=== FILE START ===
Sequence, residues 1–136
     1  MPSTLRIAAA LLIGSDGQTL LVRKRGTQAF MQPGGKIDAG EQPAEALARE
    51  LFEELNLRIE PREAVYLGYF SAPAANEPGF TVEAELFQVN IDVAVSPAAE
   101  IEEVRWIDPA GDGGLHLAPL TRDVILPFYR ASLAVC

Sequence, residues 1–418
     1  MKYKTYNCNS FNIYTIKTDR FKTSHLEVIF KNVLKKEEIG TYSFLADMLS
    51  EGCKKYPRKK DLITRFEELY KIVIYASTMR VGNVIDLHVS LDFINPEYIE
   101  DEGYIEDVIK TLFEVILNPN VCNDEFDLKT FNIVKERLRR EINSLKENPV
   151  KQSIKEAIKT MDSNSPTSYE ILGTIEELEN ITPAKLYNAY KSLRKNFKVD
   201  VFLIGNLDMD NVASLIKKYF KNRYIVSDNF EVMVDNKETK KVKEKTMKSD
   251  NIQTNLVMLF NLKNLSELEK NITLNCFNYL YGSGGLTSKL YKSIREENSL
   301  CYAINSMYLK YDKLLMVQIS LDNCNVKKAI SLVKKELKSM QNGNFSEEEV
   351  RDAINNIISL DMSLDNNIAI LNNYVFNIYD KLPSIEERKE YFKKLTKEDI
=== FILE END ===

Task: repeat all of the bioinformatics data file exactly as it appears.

Sequence, residues 1–136
     1  MPSTLRIAAA LLIGSDGQTL LVRKRGTQAF MQPGGKIDAG EQPAEALARE
    51  LFEELNLRIE PREAVYLGYF SAPAANEPGF TVEAELFQVN IDVAVSPAAE
   101  IEEVRWIDPA GDGGLHLAPL TRDVILPFYR ASLAVC

Sequence, residues 1–418
     1  MKYKTYNCNS FNIYTIKTDR FKTSHLEVIF KNVLKKEEIG TYSFLADMLS
    51  EGCKKYPRKK DLITRFEELY KIVIYASTMR VGNVIDLHVS LDFINPEYIE
   101  DEGYIEDVIK TLFEVILNPN VCNDEFDLKT FNIVKERLRR EINSLKENPV
   151  KQSIKEAIKT MDSNSPTSYE ILGTIEELEN ITPAKLYNAY KSLRKNFKVD
   201  VFLIGNLDMD NVASLIKKYF KNRYIVSDNF EVMVDNKETK KVKEKTMKSD
   251  NIQTNLVMLF NLKNLSELEK NITLNCFNYL YGSGGLTSKL YKSIREENSL
   301  CYAINSMYLK YDKLLMVQIS LDNCNVKKAI SLVKKELKSM QNGNFSEEEV
   351  RDAINNIISL DMSLDNNIAI LNNYVFNIYD KLPSIEERKE YFKKLTKEDI